That dialectic, which echoes throughout psychoanalysis, can also be considered in theoretical terms as object vs. drive or, in clinical terms, as attention being directed to the transference–countertransference vs. the unconscious. As the clinical focus has tilted away from the unconscious contents of the patient’s mind and toward the transference–countertransference process within the dyad, there is a move toward humanism and away from hermeneutics. When the balance goes beyond a certain point toward what is manifest in the here and now of the relationship, the ability to engage with the unconscious becomes more limited. It is this imbalance that is troubling to so many traditional analysts. Wallerstein (1998) describes his own position as ‘both and’ in this regard. Like Benjamin and Hoffman, he believes it important to include both perspectives rather than forcing a choice between one or the other. Doubts that intersubjectivists really believe in this both and-ism appear to stem from their clinical reports which typically stress the humanistic side. I would assume that inconsistency is due to what Green (2000, p. 10), referring to Freud and other innovators, called the need “to emphasize what is new in their conceptions”. Green, like Wallerstein, endorsed a dialectical perspective on the ‘drive–object equilibrium,’ emphasizing their mutual dependence.

Is it possible to find a balance that includes both sides of this dialectic? As an analyst who completed his training in the early 1990s just as these theorists were gaining a solid footing, the influence from intersubjectivity was considerable. These authors opened the door to reconsidering my clinical approach in ways I would not have without them: if they could “throw away the book” (Hoffman, 1998, p. 194), maybe I could too. Only once I felt licensed to be more creative in my technique and discovered clinical dividends from it was I able to begin to notice how it simultaneously led to losses in other aspects of the work. By encouraging analysts to be continuously considering the transference relationship, Gill’s approach could create a kind of interpersonal claustrophobia that lacked the space for thinking that came from sources outside the dyad, and outside the manifest content. The transference is not just about the here and now, and the consciousness-based dialogue between the players does not tell the entire story. I needed a second corrective, but this time from a more traditional approach, to bring me back to the unconscious.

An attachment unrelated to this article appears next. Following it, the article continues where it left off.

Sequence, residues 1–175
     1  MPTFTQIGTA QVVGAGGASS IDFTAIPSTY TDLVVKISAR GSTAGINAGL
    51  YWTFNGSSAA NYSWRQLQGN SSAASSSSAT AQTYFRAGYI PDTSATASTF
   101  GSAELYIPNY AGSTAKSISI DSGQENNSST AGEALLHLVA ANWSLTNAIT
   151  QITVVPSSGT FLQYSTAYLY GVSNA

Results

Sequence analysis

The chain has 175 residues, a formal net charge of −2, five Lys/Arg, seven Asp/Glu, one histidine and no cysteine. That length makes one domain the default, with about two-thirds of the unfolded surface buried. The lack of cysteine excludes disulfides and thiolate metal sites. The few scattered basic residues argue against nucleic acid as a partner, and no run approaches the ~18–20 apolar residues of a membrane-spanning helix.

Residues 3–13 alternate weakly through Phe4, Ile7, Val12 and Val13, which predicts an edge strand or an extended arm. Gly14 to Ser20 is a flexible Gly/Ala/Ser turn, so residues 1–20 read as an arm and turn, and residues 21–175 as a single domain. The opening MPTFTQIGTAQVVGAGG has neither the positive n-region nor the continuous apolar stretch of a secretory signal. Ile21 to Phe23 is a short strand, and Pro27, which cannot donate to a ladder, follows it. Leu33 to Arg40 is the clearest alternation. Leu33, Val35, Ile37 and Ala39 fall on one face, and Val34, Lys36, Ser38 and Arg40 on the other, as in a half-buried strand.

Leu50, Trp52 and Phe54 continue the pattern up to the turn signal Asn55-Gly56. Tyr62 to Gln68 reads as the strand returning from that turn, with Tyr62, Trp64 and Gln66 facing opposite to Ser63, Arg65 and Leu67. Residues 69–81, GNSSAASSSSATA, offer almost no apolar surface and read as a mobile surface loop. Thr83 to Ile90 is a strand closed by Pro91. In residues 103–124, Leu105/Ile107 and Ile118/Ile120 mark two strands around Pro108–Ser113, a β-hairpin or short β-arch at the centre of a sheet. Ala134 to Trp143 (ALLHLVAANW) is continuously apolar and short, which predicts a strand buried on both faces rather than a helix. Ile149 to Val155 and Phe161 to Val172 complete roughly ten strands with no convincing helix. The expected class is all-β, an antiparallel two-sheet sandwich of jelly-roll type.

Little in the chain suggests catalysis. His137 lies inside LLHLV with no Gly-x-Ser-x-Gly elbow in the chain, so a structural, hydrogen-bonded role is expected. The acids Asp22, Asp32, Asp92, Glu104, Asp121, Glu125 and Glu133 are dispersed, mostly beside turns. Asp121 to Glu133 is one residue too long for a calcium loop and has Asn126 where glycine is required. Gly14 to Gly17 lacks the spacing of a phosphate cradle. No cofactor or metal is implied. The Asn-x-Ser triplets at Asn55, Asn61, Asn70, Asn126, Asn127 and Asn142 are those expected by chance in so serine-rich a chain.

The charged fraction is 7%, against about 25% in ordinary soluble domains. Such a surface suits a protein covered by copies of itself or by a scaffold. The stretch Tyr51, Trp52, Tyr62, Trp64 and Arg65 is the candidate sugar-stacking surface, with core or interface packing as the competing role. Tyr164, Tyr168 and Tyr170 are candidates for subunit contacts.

Of the writers described in this essay, Ogden has foregrounded the importance of the unconscious more than the others. Even though he works primarily in the here and now of the transference, he listens for an Other he calls the intersubjective analytic third. The third provides a voice of difference that is a product of the analytic relationship at the same time that it speaks from a place outside the relationship that is unique to the individual. This has bearing on the conduct of the treatment, requiring silence from the analyst when there might otherwise have been dialogue. Bollas, quoted by Wallerstein (1998), put it this way at a panel presentation:

Is it not vitally important for us to know when we are being used as an object of thought for the elaboration of the analysand’s state of mind and when we are being coerced as an other, aimed into the interpersonal? Does not the former state call for our quiet and our sustaining the rights of thought itself?

(p. 1032)

We can wonder where we would be today in the evolution of psychoanalysis without the arrival of intersubjectivity and relational theory. For me they were crucial to my development as an analyst but, as with any theory, served as a model to include rather than as an end in itself. These writers suggest a range of new ways of working with the transference–countertransference and of understanding one’s role as an analyst, which I consider along with the other ways I work. Analysis has a liberating, emancipatory agenda. Over the course of many years, and from the work of a wide range of individual theorists, intersubjectivity has brought that revolutionary spirit to psychoanalytic theory. There is a place for that spirit, in its dialectic with tradition, in our clinical enterprise.